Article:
In 1918 a simple Mongolian herdsman escapes to the hills after brawling with a western capitalist fur trader who cheats him. In 1920 he helps the partisans fight for the Soviets against the... See full summary »
Born on the fourth of July, 1900, the future holds unlimited potential for newborn John Sims. But dreams soon fade with the death of his father when John is but a lad. Like many before him, John sets out to make his mark in New York City, but ends up a faceless worker (#137) in a large office of a large business. Still he is happy with his fate and soon meets a young woman named Mary on a blind double date. Things take their course and they soon marry and live in a small apartment. Soon John is bickering with Mary and finds that he has no love for the in-laws. When the marriage looks like a bust, he finds that Mary is with child and he stays. After 5 years, he has a son and a daughter and the same dead end job. When tragedy strikes, John must find the conviction to continue or lose what little he has left.Written by
Tony Fontana <firstname.lastname@example.org>
King Vidor deliberately chose not to cast any big-name stars in his film, which was a tale of the Everyman. James Murray was a studio extra whom Vidor had bumped into on the studio lot, while Eleanor Boardman was a minor actress (and the director's second wife). See more »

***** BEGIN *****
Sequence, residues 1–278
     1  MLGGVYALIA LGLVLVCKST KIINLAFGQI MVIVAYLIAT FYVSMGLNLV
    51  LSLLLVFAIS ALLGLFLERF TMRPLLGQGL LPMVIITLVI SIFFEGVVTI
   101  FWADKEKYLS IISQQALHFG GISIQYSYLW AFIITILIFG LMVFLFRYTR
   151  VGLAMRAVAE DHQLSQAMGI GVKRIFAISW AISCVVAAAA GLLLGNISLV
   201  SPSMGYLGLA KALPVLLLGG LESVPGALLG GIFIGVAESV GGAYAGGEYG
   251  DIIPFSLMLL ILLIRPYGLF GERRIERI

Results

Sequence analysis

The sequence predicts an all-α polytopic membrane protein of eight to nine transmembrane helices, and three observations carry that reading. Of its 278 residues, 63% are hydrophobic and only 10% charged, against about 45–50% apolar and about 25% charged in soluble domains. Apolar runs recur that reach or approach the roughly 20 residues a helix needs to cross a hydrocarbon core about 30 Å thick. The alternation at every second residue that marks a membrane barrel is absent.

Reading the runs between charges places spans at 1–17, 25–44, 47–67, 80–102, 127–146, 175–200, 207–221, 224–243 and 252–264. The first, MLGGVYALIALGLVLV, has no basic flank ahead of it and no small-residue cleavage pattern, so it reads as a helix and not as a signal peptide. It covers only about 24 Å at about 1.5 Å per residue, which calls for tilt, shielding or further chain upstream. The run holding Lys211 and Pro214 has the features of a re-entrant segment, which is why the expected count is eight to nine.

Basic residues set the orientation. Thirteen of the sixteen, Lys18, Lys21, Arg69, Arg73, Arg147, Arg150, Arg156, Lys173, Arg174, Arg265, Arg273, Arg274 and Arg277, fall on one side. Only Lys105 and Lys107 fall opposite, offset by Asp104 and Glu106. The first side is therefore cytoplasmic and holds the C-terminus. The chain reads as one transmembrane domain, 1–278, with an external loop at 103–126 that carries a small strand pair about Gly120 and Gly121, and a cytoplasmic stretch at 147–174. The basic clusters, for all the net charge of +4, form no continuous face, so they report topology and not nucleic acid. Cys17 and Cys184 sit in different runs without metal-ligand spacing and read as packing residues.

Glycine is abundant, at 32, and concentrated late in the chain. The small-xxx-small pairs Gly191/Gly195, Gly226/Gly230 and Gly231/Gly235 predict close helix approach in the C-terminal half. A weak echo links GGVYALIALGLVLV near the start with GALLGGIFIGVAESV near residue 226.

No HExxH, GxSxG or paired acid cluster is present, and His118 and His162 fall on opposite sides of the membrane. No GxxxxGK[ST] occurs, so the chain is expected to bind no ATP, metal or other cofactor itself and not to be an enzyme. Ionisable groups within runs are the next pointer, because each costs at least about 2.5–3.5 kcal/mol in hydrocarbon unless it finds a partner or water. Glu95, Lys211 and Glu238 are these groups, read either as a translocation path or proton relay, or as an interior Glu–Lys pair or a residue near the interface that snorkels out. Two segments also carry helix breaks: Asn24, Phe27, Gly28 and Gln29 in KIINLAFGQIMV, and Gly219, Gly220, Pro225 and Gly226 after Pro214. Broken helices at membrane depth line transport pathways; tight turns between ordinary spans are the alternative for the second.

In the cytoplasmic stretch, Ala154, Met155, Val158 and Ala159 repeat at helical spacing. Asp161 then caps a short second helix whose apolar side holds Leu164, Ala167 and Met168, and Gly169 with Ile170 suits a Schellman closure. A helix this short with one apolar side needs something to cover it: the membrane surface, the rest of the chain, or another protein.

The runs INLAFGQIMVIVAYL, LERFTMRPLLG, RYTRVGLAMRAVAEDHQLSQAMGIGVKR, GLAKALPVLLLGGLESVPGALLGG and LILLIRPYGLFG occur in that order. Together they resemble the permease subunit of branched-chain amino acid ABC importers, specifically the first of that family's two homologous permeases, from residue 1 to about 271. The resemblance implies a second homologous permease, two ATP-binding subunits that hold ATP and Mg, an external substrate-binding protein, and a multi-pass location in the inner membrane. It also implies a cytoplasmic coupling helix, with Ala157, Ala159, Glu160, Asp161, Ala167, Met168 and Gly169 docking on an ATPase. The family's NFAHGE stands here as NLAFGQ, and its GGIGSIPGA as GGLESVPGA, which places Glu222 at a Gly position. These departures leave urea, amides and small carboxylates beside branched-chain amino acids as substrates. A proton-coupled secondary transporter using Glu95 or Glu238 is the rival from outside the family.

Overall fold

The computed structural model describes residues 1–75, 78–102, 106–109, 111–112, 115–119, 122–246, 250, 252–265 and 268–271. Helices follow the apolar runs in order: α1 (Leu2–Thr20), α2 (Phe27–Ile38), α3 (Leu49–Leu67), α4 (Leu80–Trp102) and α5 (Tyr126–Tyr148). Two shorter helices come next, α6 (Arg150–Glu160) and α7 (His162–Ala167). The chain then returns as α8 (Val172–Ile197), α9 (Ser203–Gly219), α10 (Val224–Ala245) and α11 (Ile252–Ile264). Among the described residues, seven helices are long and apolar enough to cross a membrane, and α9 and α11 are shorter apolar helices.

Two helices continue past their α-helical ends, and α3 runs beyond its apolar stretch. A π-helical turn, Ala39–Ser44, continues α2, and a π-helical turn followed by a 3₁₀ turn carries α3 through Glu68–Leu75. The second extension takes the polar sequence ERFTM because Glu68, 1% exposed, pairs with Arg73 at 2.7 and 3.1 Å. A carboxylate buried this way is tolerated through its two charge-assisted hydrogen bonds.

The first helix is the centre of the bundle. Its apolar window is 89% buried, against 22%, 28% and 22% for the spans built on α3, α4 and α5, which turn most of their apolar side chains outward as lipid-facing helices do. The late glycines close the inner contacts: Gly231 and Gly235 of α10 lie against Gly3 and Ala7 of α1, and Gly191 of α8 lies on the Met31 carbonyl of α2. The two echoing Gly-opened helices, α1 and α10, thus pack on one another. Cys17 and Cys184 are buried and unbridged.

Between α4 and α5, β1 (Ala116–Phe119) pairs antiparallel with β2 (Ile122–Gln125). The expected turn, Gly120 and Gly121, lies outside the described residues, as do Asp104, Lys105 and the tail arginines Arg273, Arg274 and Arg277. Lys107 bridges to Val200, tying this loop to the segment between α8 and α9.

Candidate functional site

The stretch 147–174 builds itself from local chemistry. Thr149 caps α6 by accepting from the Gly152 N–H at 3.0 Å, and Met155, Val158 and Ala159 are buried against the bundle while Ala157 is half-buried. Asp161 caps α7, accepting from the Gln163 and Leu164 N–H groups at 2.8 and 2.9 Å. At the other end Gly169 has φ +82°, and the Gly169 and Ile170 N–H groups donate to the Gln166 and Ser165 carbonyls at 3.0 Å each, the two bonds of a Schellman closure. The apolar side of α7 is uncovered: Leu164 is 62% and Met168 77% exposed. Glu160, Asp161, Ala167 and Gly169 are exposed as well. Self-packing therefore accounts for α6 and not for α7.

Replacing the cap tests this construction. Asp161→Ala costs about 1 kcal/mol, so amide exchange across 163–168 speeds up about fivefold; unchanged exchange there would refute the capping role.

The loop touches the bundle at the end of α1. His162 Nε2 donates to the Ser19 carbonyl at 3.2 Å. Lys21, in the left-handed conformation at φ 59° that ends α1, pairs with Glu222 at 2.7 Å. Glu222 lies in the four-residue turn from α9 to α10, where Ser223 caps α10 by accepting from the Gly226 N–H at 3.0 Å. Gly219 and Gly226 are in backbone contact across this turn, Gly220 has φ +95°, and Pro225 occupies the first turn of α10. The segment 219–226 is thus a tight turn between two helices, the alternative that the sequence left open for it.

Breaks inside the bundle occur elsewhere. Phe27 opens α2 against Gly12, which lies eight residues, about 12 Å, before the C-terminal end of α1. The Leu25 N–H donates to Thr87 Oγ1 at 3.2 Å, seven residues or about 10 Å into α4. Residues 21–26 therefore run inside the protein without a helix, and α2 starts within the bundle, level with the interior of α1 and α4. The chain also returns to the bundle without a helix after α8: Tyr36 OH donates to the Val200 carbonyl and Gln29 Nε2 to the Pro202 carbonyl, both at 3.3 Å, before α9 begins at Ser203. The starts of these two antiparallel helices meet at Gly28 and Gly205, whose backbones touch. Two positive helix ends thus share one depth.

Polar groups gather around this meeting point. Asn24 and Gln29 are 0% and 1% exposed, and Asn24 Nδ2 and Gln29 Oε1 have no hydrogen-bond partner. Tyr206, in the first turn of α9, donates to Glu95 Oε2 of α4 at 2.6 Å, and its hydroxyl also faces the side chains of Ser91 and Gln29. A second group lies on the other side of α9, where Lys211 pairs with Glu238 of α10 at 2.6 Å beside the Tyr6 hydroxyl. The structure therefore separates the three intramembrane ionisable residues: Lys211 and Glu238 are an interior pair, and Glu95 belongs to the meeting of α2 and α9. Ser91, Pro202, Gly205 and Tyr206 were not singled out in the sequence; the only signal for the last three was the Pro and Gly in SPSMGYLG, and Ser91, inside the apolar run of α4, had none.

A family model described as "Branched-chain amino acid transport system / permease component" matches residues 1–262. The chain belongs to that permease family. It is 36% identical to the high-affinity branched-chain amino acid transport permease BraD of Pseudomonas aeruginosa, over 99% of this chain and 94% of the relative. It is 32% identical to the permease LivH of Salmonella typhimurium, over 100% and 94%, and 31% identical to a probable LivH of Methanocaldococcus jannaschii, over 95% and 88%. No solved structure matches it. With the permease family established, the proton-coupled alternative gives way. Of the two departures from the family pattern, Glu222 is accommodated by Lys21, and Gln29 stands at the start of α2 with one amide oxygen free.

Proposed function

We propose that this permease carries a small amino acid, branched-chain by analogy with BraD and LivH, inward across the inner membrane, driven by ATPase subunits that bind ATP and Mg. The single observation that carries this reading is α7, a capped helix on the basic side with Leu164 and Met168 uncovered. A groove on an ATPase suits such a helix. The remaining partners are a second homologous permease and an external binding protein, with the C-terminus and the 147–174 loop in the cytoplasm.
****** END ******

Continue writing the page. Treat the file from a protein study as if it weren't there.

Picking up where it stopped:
After John sprays himself with milk when opening the bottle, his clothes go from covered with milk to clean from one shot to the next. See more »
Will you put the folding bed in its garage?
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MGM forced director King Vidor to film seven different endings to the film, giving exhibitors the chance to pick a happy or sad one as they pleased. Not a single exhibitor chose to use a happy ending. See more »
Like most of the silent tragedies I've seen (and there haven't been many), "The Crowd" was hard to like. That didn't stop it from being a finely directed and acted drama. Like any film from any era that avoids the traps of trend-conscious filmmaking, "The Crowd" was built to last. When you make a movie with a good, solid story and inspire the cast to give brilliant performances, it's difficult to go wrong.
It's not a fun movie -- most of the time we're spent watching James Murray shoot himself in the foot, scene after scene. He's a really pathetic creature, but the director, King Vidor, portrays him and his story without passing judgment.
Worth the price of admission alone, Vidor's eye for detail in old New York City. In a justly famous montage and tracking shot near the beginning, he shows us Gotham so well, and in such great detail, that hardly a director since has been able to match him. His nomination of Best Director at the first Academy Awards was completely deserved (and his loss to Frank Borzage for the creaky "7th Heaven" was, arguably, the first of Oscar's major blunders.)
It's a bleak world view, that's for sure, but it keeps your attention and fills your eye.
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